By Seyed Mahdi Mirghazanfari, MD, PHD

Health tips for Ramadan

June 10, 2017 - 19:48
Part 5

Ramadan is the month in which God opens the doors of mercy, forgiveness and blessings upon Muslims. 

The month of Ramadan which leads to the glorious and auspicious occasion of Eid al-Fitr holds a special place in Islam and among Muslims because Holy Quran was revealed upon Prophet Muhammad (PBUH) in this month. 

The month is given great importance by Muslims, who, in each part of the world, welcome and observe this month with all the reverence, prestige and dedication it deserves. The mosques are filled with people, the recitation of Quran takes place and people become charitable. In this month Muslims make special preparations to ask for forgiveness from God and plead for His blessings and mercy.

In addition to the spiritual blessings of the month of Ramadan, fasting- for those who are capable of observing the demanding task physically- is of great benefits to the body.

The Iranian-Islamic traditional medicine is one of the best routes to have a better fasting experience considering long hot days of Ramadan.

Here are some tips to feel better during and after long fasting days.

Eat sour, full of water, cool foods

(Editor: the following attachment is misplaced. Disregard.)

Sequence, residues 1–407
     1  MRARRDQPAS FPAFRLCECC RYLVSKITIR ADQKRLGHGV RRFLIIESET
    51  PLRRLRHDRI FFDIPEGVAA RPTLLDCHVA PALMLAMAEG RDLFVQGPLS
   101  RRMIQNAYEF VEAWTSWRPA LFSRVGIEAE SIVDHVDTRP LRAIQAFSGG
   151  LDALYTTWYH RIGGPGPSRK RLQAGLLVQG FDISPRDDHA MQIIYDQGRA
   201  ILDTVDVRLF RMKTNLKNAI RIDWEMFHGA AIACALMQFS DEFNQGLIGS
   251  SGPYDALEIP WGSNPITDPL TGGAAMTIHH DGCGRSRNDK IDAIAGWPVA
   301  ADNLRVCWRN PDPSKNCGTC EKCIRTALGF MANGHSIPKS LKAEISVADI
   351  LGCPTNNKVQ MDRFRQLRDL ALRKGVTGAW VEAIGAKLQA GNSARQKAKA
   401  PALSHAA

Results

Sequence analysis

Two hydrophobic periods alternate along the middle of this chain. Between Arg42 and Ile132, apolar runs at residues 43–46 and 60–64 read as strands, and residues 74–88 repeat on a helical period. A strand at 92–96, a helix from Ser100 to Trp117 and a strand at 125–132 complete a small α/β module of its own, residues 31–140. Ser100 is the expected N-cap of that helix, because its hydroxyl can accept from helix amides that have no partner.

Eating food items which are sour, have cooling characteristics and are high in water content (with regard to one’s temperament) such as lemon, barberry syrup, pomegranate juice, and fresh tamarind are recommended during the month of Ramadan. 

Breaking fast with lukewarm drinks

Instead of drinking cold water at the Iftar meal- which is pretty harmful to digestive system- it is better to break the fast with lukewarm water, weak tea, warm milk, or warm honey water (again with regard to one’s temperament).

Due to the fact that the stomach has been empty all day long it has shrunk in size and drinking or eating large quantities of food stuff might hurt the digestive system.

Eat bran bread, cheese, walnuts

To complete the Iftar meal after drinking lukewarm drinks one can eat some toasted bran bread, cheese, and walnuts or some vegetables.

Those who do not like to have cooked meals for Iftar can have some butter, bread and their favorite jam instead. 

Seyed Mahdi Mirghazanfari, MD, holds a PhD degree in medical physiology and is an Iranian-Islamic traditional medicine researcher. He is also an assistant professor in AJA University of Medical Sciences, Tehran.

MQ/MG

Leave a Comment

2 + 8 =